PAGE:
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March is National Kidney Month

kidneys National Kidney MonthWhen patients come in to address particular organ health, they most often mention their heart, their liver, their lungs, or the various organs of their digestive system and reproductive system, but rarely does someone ask me about their kidneys. Your kidneys do a lot of work for you, but I doubt you think much about them, unless you have kidney health issues. This month is National Kidney Month, so I ask you to think about this hard working duo, and consider how you can keep them healthy.

What do your kidneys do?

Your kidneys filter about 200 litres of blood daily. You know that the kidneys help eliminate waste products and excess fluid from your body, but did you also know that your kidneys are needed to:

  • Regulate your blood pressure
  • Produce an active form of vitamin D 
  • Control the production of red blood cells

In Traditional Chinese Medicine, we look to the TCM Kidney system when issues arise for bone and joint health, low back pain, issues with fear and anxiety, fatigue, edema, reproductive health, menopausal symptoms, and more. If you’ve experienced trauma, ongoing chronic stress, or have been told you have adrenal issues, we consider the Kidneys for that too, as the adrenal glands sit atop the kidneys.

How do kidneys malfunction?

There are many reasons why your kidneys could find themselves in trouble. Things that can increase your risk include smoking, diabetes, high blood pressure, urinary tract infections that travel to the kidneys, a family history of kidney disease, and aging. Some are just born with congenital issues affecting the kidneys, and those of Aboriginal, Asian, South Asian, Pacific Island, African/Caribbean, and Hispanic descent are at higher risk.

Though most aren’t aware of it, estimates are that up to two million Canadians have chronic kidney disease (CKD) or are at risk for it.

How do you know if your kidneys are struggling? One simple blood test you can get is called estimated glomerular filtration rate (eGFR). Check out this risk assessment online tool for National Kidney Month to see if you should ask your doctor for this blood test.

How do I keep my kidneys healthy?

  1. Hydrate. You don’t have to go overboard, but I find many of my patients are chronically dehydrated. Unless you are taking B vitamins (including in a multi)–in which case your urine is likely to be bright yellow–your urine can help you determine if you are sufficiently hydrated. It should be a very pale yellow. If it’s a dark yellow, you may be dehydrated. Keep in mind that diuretics, like some blood pressure medications and caffeinated beverages, can make you have to pee much more often, as can overactive bladder and prostate problems.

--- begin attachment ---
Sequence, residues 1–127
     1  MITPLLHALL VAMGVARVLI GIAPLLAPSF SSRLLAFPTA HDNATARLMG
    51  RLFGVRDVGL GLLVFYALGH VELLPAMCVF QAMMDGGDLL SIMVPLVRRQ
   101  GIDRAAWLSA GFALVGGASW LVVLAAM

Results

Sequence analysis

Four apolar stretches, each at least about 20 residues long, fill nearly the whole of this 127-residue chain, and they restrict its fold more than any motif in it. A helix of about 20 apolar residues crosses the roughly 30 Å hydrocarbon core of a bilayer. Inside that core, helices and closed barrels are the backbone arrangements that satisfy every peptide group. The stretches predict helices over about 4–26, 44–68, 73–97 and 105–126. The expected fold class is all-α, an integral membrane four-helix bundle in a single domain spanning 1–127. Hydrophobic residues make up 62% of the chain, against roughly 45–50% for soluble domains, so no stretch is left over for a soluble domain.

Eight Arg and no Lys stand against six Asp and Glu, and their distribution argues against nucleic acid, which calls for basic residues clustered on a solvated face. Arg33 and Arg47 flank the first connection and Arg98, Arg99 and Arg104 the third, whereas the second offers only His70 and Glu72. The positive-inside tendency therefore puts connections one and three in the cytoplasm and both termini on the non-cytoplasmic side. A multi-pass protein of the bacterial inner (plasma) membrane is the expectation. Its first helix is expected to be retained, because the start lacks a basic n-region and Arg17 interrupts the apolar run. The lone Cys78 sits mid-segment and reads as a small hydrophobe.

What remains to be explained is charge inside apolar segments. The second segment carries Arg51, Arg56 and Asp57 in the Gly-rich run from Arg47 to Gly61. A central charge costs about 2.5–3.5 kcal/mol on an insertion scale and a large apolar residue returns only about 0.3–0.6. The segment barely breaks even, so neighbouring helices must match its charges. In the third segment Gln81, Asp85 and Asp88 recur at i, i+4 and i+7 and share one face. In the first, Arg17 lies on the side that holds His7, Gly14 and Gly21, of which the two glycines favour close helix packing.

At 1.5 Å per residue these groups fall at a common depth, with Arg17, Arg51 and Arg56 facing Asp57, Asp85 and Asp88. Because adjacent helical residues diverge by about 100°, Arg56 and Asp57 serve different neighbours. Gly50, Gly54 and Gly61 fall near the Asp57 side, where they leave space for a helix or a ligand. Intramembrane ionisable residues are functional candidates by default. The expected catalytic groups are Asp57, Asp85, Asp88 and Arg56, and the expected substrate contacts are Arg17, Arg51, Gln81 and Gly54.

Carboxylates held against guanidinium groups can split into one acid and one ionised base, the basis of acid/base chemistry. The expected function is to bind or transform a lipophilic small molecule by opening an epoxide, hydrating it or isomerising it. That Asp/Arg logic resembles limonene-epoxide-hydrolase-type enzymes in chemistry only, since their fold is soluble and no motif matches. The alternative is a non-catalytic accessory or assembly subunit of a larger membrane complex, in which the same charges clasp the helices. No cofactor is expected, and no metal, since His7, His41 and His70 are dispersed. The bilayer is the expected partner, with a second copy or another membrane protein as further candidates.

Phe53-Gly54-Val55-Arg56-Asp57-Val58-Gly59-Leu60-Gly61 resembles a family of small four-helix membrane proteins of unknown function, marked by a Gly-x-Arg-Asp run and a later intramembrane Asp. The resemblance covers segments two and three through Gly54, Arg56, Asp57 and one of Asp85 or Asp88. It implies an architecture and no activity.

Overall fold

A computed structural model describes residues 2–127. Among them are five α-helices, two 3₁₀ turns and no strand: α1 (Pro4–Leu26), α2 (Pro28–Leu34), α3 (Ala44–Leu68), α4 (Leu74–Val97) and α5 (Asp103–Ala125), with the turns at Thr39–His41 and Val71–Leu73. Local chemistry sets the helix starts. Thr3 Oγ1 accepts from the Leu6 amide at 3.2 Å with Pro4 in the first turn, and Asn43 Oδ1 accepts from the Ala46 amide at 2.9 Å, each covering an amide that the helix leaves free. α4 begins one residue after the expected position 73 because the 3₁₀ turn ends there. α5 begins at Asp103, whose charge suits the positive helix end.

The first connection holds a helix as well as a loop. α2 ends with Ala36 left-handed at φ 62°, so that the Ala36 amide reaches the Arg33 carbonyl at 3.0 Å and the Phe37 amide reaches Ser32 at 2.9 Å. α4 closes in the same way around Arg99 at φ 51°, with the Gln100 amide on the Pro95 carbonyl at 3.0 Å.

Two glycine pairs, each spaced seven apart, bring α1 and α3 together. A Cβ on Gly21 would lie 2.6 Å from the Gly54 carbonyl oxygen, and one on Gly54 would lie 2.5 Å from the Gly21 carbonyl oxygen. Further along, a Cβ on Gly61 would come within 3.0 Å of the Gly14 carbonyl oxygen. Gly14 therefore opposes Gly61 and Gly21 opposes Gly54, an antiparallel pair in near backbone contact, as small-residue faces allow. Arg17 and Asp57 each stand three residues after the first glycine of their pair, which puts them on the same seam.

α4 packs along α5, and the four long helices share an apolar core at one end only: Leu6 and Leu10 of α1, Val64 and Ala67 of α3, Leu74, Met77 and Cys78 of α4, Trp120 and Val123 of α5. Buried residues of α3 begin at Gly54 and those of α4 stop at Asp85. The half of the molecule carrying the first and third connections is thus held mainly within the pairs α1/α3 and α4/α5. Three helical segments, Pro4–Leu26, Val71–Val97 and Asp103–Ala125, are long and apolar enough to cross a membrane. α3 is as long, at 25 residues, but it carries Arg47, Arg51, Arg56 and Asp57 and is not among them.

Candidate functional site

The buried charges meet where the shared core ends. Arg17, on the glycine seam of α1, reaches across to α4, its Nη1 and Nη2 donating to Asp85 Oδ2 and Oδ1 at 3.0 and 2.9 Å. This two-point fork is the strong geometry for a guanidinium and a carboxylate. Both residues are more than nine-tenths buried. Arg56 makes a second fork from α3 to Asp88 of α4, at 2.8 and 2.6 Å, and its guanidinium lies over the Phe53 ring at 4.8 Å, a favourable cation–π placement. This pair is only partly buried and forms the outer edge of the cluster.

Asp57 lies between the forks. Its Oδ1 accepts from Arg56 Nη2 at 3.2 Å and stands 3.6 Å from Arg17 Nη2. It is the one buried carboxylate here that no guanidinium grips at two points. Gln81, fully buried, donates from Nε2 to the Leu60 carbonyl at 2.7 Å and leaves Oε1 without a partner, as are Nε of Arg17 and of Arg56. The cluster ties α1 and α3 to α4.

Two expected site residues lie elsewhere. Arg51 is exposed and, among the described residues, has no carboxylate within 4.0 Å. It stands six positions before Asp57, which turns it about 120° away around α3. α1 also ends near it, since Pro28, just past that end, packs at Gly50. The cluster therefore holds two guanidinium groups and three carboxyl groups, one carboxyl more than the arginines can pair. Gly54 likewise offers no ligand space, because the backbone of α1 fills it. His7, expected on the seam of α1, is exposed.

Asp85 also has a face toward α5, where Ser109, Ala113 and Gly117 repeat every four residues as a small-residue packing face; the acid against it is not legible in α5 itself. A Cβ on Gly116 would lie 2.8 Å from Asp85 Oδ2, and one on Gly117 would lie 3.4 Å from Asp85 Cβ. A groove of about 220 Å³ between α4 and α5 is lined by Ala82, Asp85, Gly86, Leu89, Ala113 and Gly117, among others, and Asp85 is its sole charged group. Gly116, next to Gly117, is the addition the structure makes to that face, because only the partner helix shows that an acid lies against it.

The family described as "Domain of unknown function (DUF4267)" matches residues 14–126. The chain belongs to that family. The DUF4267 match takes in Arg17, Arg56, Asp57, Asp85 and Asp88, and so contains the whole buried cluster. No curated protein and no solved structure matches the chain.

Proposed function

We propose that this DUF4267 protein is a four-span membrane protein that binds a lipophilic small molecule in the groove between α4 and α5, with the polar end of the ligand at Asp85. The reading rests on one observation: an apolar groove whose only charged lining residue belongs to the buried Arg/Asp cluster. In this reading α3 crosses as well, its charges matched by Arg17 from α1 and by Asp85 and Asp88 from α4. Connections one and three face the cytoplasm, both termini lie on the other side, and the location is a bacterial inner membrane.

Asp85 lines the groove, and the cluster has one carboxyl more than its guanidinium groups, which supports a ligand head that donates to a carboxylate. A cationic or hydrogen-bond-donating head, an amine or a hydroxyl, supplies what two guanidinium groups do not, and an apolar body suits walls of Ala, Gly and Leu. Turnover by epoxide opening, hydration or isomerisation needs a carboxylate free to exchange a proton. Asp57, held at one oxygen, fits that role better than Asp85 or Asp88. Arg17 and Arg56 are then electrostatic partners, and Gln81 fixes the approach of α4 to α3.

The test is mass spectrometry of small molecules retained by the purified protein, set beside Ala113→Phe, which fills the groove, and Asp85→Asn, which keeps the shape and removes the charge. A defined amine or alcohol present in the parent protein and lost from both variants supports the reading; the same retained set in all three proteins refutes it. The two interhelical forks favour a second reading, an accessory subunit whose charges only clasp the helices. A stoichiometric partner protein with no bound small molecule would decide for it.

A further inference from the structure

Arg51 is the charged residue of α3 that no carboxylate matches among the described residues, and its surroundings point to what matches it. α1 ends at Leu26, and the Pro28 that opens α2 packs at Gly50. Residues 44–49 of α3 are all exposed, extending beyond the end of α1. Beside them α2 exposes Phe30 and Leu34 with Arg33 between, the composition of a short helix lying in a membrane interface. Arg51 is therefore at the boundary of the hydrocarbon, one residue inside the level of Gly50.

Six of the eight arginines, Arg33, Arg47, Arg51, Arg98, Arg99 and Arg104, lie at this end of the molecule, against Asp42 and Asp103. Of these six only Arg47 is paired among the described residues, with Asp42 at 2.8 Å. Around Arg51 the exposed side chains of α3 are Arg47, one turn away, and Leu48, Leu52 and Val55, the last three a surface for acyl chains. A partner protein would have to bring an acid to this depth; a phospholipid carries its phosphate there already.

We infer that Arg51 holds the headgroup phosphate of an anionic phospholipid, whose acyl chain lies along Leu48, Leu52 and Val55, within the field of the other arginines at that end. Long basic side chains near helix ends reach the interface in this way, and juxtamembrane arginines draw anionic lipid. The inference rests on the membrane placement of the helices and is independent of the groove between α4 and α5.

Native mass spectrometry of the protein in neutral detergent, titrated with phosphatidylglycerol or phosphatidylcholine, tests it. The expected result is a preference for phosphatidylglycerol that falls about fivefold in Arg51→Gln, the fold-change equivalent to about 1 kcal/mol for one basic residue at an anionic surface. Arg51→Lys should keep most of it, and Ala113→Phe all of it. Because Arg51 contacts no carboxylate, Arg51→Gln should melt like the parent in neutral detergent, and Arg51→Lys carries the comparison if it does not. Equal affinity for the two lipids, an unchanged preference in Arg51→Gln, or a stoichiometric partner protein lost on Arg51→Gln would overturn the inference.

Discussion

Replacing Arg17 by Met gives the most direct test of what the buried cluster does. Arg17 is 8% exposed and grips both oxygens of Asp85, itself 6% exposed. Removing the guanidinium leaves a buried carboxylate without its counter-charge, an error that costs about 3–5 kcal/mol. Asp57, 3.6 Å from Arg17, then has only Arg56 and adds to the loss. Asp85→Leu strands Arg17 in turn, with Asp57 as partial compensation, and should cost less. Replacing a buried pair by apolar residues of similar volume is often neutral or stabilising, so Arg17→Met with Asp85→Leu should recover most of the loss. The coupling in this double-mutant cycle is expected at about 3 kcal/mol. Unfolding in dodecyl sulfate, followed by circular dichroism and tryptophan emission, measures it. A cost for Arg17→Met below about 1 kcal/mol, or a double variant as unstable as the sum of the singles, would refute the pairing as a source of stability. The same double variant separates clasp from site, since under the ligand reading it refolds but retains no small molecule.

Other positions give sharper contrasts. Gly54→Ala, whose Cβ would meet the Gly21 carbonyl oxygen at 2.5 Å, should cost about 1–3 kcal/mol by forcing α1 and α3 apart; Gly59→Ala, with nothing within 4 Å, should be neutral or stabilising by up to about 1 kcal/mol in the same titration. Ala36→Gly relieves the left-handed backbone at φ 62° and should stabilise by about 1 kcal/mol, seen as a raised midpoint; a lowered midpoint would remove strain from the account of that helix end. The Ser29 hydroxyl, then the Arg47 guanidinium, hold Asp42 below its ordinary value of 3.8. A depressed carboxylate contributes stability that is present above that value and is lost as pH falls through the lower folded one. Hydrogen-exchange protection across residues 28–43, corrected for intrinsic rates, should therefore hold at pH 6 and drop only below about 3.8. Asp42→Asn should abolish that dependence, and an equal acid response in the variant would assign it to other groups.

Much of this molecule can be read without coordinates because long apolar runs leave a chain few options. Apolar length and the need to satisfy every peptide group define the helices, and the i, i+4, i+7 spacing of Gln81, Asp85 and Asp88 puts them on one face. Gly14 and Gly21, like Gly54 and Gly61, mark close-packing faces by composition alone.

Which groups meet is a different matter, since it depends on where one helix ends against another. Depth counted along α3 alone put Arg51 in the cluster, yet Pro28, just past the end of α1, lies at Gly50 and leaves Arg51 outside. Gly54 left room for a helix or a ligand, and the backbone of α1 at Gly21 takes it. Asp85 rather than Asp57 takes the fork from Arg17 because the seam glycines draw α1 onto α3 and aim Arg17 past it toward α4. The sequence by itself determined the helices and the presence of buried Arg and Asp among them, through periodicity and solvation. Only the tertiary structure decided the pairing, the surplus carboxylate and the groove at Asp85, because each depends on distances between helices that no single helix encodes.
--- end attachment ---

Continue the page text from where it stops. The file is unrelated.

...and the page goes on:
2. Keep healthy eating and exercise habits. Both will help manage your blood pressure, diabetes, stress, and weight. Watch your salt intake. Yes, salt is important for our health, but many take in too much salt, as it’s found in so many processed foods. You can also overdo the “good salt” like sea salt and Himalayan salt, especially if you have high blood pressure. 
  3. Stop smoking. So many reasons to quit. Smoking damages your blood vessels, raises blood pressure, and increases your risk for kidney cancer. Acupuncture can help you quit smoking.
  4. Don’t overdo pain medications like Advil and Motrin (ibuprofen) and Aleve (naproxen). These non-steroidal anti-inflammatory drugs (NSAIDs) can cause kidney damage if taken too often. Acupuncture is best known for its ability to help treat and manage pain. Check out TCM for pain management options.
  5. Treat your diabetes, high blood pressure (click me), and urinary tract infections. Because these all increase your risk of kidney disease, it’s vital that you treat these health issues appropriately. Did you know that Traditional Chinese Medicine can help you not just treat the symptoms of these problems, but also work on getting to the source?
  6. Manage your stress. Stress can be a catalyst for disease. When the body is in chronic stress, it has a hard time healing. It doesn’t do a good job of simultaneously defending and repairing the body–often picking defending as its preferential course of action. There are many ways to cope with stress and support your adrenal glands. For more on adrenal fatigue click here.
  7. Come in for a Traditional Chinese Medicine (TCM) consultation. While I won’t be able to detect your GFR levels without lab results, your body may be giving clues that your kidneys need to be addressed. Plus, it’s better to work preventively than in response to organ failure. 

National Kidney Month

I have a friend who has a kidney transplant. He knows the challenges that come with dialysis, organ transplant, and ongoing health issues. I urge you to remember to pay attention to the health of your kidneys this National Kidney Month and beyond, and to register for organ donation. It’s easy to do. Simply start with clicking here.

Facing the Facts about Kidney Disease National Kidney Month

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